Filing Your Return -> Disabilities -> Federal and provincial art and cultural tax credits
Only Manitoba and Yukon still have a children's arts tax credit.
Yukon Child Arts Credit
Form YT428 Line 58326 (line 5841 prior to 2019)
Yukon has a non-refundable children's arts tax credit which was based on the Federal credit. Yukon tabled amendments so that the reduction and elimination of the Federal Children's Arts Credit did not reduce or eliminate the Yukon Children's Arts Credit.
The Yukon credit is:
For more information, see the Canada Revenue Agency document 5007-PC Information for Residents of Yukon, Line 58326 Children's arts amount.
Other Tax Credits for ChildrenTax Information for Students
Children's Fitness Tax Credit - Manitoba and Yukon only
Child Amount Tax Credit - eliminated for 2015 and later years
Canada Caregiver Amount for infirm minor children
Persons with disabilities - many articles
Tax Tip: Keep the receipts for your children's arts and cultural activity programs.
Discontinued Provincial Arts Tax Credits
BC Child Arts Tax Credit started in 2012. This is dependent on the Federal credit, which is eliminated for 2017. The BC September 2017 Budget announced that this tax credit, still available for 2017, not available after the 2017 taxation year.
Ontario Children's Activity Tax Credit - Refundable - eliminated for 2017 and later years
Saskatchewan Active Families Benefit - eliminated for 2016 and later years
Discontinued Line 370 Federal Children's Arts Amount Tax Credit (CATC)
Reduced for 2016, eliminated for 2017 taxation year federally
Income Tax Act s. 118.031, Regulations s. 9401
This non-refundable tax credit has been available since the 2011 taxation year, and is claimed on the personal tax return. The 2016 Federal Budget reduced the 2016 Children's Arts Amount Tax Credit to $250 from $500, and eliminated this credit for 2017 and later years. The additional tax credit for a child with a disability will remain at $500 for the 2016 taxation year.
This tax credit is available to individuals for registration and membership costs paid in the taxation year of up to $250 per child for 2016 ($500 for 2015 & earlier years), for prescribed programs of artistic, cultural, recreational or developmental activity for their children who are, at the beginning of the taxation year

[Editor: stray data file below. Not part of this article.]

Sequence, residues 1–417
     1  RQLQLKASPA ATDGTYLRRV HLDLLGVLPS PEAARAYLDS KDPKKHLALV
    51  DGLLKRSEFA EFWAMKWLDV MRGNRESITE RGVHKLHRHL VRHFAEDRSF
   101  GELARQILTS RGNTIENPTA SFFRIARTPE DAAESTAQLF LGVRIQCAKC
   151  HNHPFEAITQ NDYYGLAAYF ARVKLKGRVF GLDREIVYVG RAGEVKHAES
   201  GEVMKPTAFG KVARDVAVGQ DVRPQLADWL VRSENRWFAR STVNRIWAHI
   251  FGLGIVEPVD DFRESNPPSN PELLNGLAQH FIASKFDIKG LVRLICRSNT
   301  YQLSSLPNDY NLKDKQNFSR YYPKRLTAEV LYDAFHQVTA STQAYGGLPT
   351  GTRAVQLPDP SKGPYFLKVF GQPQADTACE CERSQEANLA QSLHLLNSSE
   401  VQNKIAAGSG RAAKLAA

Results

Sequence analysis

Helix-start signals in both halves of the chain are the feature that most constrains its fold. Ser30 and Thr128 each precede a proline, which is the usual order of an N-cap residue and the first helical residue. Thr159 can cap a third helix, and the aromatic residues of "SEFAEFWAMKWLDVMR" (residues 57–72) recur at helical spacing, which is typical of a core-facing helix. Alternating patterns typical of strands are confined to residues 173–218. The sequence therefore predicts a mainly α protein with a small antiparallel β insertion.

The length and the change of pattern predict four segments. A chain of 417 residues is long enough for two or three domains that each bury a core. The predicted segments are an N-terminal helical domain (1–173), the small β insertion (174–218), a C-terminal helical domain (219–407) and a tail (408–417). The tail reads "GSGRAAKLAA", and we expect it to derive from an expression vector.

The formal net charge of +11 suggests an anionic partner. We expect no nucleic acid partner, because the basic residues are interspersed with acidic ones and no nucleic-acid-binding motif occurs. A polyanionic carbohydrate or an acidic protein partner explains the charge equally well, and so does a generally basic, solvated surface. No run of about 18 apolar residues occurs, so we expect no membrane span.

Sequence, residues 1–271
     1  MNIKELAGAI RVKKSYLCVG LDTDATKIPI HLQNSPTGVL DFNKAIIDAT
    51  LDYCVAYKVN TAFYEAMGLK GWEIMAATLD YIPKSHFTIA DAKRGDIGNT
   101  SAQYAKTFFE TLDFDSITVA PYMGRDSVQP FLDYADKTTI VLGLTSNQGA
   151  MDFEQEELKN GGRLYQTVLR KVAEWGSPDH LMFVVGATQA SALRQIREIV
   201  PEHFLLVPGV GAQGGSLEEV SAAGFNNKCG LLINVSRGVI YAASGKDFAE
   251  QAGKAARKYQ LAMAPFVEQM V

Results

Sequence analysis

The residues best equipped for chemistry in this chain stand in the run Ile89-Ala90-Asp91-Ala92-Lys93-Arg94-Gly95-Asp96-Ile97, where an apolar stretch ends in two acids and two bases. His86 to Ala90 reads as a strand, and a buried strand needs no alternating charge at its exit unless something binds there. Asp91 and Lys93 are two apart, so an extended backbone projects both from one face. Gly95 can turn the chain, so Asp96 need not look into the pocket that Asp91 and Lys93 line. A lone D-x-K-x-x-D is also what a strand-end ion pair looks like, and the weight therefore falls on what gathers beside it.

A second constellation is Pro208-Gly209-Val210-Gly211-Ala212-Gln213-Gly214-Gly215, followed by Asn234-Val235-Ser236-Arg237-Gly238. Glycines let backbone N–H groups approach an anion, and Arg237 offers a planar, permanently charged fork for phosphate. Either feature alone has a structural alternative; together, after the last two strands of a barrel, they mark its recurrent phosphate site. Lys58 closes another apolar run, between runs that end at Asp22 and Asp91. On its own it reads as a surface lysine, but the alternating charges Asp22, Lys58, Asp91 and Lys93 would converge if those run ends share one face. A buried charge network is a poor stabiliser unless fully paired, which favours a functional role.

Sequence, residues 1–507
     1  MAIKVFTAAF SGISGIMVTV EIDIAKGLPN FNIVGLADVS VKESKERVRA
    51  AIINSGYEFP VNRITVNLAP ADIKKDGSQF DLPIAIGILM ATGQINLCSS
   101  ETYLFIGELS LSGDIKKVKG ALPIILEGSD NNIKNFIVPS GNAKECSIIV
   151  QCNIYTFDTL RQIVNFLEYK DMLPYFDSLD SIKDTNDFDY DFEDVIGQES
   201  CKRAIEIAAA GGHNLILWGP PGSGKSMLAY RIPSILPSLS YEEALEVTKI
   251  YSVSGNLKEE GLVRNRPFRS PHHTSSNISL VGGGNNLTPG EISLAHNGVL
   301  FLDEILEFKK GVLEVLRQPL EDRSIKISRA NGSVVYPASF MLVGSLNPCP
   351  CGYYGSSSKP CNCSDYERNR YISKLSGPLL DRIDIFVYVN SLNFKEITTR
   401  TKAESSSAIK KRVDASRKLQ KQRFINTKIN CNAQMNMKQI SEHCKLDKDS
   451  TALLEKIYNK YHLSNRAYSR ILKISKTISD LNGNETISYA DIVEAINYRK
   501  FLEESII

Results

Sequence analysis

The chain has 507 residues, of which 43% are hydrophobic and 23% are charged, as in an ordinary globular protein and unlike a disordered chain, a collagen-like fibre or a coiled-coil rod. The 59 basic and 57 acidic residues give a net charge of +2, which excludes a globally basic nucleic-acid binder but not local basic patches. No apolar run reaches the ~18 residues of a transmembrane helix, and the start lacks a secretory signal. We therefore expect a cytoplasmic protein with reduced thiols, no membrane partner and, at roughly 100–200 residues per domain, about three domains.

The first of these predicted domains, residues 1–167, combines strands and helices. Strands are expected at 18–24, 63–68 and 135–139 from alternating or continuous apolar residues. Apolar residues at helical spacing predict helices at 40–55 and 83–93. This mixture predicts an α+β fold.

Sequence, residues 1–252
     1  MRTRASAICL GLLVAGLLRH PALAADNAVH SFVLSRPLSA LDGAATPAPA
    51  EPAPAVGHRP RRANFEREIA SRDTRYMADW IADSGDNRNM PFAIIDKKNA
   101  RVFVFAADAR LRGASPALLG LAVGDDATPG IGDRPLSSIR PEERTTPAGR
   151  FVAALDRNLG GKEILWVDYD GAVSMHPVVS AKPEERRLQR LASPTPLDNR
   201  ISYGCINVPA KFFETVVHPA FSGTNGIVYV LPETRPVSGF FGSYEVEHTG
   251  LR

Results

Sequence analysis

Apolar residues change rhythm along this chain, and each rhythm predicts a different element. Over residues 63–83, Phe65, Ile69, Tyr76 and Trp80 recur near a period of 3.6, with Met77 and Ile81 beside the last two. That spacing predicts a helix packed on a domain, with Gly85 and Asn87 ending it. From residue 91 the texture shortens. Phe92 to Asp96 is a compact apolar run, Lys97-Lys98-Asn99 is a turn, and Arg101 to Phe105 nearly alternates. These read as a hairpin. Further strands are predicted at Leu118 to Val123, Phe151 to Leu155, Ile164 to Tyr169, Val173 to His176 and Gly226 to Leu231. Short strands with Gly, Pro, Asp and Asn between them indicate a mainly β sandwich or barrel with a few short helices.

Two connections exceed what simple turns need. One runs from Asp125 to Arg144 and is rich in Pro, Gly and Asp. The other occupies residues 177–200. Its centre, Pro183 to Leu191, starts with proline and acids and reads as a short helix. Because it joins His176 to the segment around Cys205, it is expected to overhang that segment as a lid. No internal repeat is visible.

The tax credit is calculated using the lowest tax rate of 15%, so the maximum tax credit per child will be $37.50 for 2016 ($75 for 2015 & earlier years).
An additional tax credit is available to an individual for a child with a disability. The additional credit is $500 x the lowest tax rate, if the total of eligible costs for that child in the year is $100 or more. This brings the maximum tax credit to $150 for a child with a disability.
Example of calculation of children's arts tax credit for 2011 to 2015 taxation years - Note that the maximum for 2016 will be $37.50, so with the additional credit for a child with a disability the maximum for 2016 will be $112.50:
The tax credit may be claimed by either spouse, or apportioned between them.
Eligible programs include the following, which are not part of a school's curriculum:
Artistic, cultural, recreational or developmental activity means a supervised activity suitable for children (other than a physical activity) that
The cost of accommodation, travel, food or beverages are not included.
Any costs which qualify as child care costs must first be claimed as child care costs, with the remainder of eligible costs then claimed through the arts credit.
Any costs which qualify for the Children's Fitness tax credit cannot be claimed for the Children's Arts credit.
For more information, see Canada Revenue Agency (CRA) Line 370 Children's Arts Tax Credit (CATC) (archived) from the 2016 General Income Tax and Benefit Guide.
Revised: September 20, 2022
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